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SUPPORTING ABUSED CHILDREN IN THE CLASSROOM Presented by: Beverly H. Bullock, LCSW Deborah Edwards, PsyD.

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Presentation on theme: "SUPPORTING ABUSED CHILDREN IN THE CLASSROOM Presented by: Beverly H. Bullock, LCSW Deborah Edwards, PsyD."— Presentation transcript:

1 SUPPORTING ABUSED CHILDREN IN THE CLASSROOM Presented by: Beverly H. Bullock, LCSW Deborah Edwards, PsyD

2 INTRODUCTIO N History- Mary Ellen 1874 SPCA used as humans were part of the animal kingdom SPCC emerged Incidence National: 794,000 children or 10.6 children 1000 State of Virginia: 3.5 children per 1000

3 MOMENTS IN VIRGINIA Every 10 days a child dies from abuse or neglect Every 5 days a child aged 19 or younger is murdered Every 4.6 hours a family seeks shelter from a domestic violence program, but is denied for lack of space Every 5 hours a child witnesses an act of domestic violence In an average moment there are 7,786 children in foster care in Virginia Every 3 hours a child is served by a domestic violence program Every 86 minutes a child is abused or neglected Every 48 minutes a juvenile commits a violent crime

4 TYPES OF ABUSE/NEGLECT Physical Abuse Physical Neglect Emotional Abuse Sexual Abuse

5 PHYSICAL/BEHAVIORAL INDICATORS Physical Abuse –Physical Indicators Unexplained bruises or burns Multiple injuries in various stages of healing Bruises/welts resembling instrument Human bite marks Injuries appearing regularly after weekends/absence Unexplained fracture, lacerations, abrasions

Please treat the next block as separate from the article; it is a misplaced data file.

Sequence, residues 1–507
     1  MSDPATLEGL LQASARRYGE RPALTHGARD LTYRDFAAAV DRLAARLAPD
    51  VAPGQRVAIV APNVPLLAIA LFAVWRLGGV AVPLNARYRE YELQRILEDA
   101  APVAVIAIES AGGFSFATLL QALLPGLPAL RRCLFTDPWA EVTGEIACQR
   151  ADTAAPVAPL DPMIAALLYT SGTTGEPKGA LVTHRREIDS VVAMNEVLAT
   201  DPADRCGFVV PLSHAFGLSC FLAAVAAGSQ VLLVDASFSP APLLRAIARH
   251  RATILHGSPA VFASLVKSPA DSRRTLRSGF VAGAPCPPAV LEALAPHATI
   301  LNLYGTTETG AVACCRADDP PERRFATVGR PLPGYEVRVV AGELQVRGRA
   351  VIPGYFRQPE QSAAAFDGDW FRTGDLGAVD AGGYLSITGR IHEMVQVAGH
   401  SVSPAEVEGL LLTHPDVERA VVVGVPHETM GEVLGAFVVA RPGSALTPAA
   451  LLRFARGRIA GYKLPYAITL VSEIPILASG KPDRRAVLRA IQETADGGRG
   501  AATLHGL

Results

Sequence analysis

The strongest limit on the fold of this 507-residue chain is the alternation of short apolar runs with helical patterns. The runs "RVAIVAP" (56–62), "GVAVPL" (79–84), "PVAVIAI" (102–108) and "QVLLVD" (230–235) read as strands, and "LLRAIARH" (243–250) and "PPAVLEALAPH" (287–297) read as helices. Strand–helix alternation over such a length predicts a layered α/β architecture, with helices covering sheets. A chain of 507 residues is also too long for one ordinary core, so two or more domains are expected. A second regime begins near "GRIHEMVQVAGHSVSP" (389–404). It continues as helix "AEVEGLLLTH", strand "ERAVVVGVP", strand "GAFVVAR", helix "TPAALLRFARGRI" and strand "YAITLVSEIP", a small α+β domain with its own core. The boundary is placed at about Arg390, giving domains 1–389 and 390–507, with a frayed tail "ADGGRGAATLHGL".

6 PHYSICAL/BEHAVIORAL INDICATORS (cont.) Physical Abuse –Behavioral indicators Reports injury by caretaker Uncomfortable with physical contact Complains of soreness or moves uncomfortably Wears clothing inappropriate for weather Afraid to go home Behavior extremes- withdrawn, aggressive Apprehensive when other children cry

7 PHYSICAL/BEHAVIORAL INDICATORS (cont) Physical Neglect –Physical Indicators Consistent hunger, poor hygiene Unattended physical problems or medical needs Consistent lack of supervision Abandonment

8 PHYSICAL/BEHAVIORAL INDICATORS (cont) Physical Neglect –Behavioral Indicators Reports no caretaker at home Begs, steals food Frequently absent or tardy Constant fatigue, listlessness, or falling asleep in class Extended stays at school Shunned by peers

9 PHYSICAL/BEHAVIORAL INDICATORS (cont) Emotional Abuse –Physical Indicators Frequent stomach aches, headaches May have speech disorders May lag in physical development May have non-organic failure to thrive May have learning problems

10 PHYSICAL/BEHAVIORAL INDICATORS (cont) Emotional Abuse –Behavioral Indicators Exhibits age inappropriate behaviors, such as: thumb sucking, biting, head banging or rocking Exhibits extreme behavior, such as: over compliance, passivity, aggression or withdrawal Exhibits emotional or intellectual developmental delays Exhibits cruel behavior, or may seem to get pleasure from hurting others/animals May abuse alcohol or drugs May have eating disorders

11 PHYSICAL/BEHAVIORAL INDICATORS (cont) Sexual Abuse –Physical Indicators Sexually transmitted diseases Pregnancy Difficulty walking or sitting Pain or itching in genital area Torn, stained or bloody underclothing Brusises/bleeding in external genitalia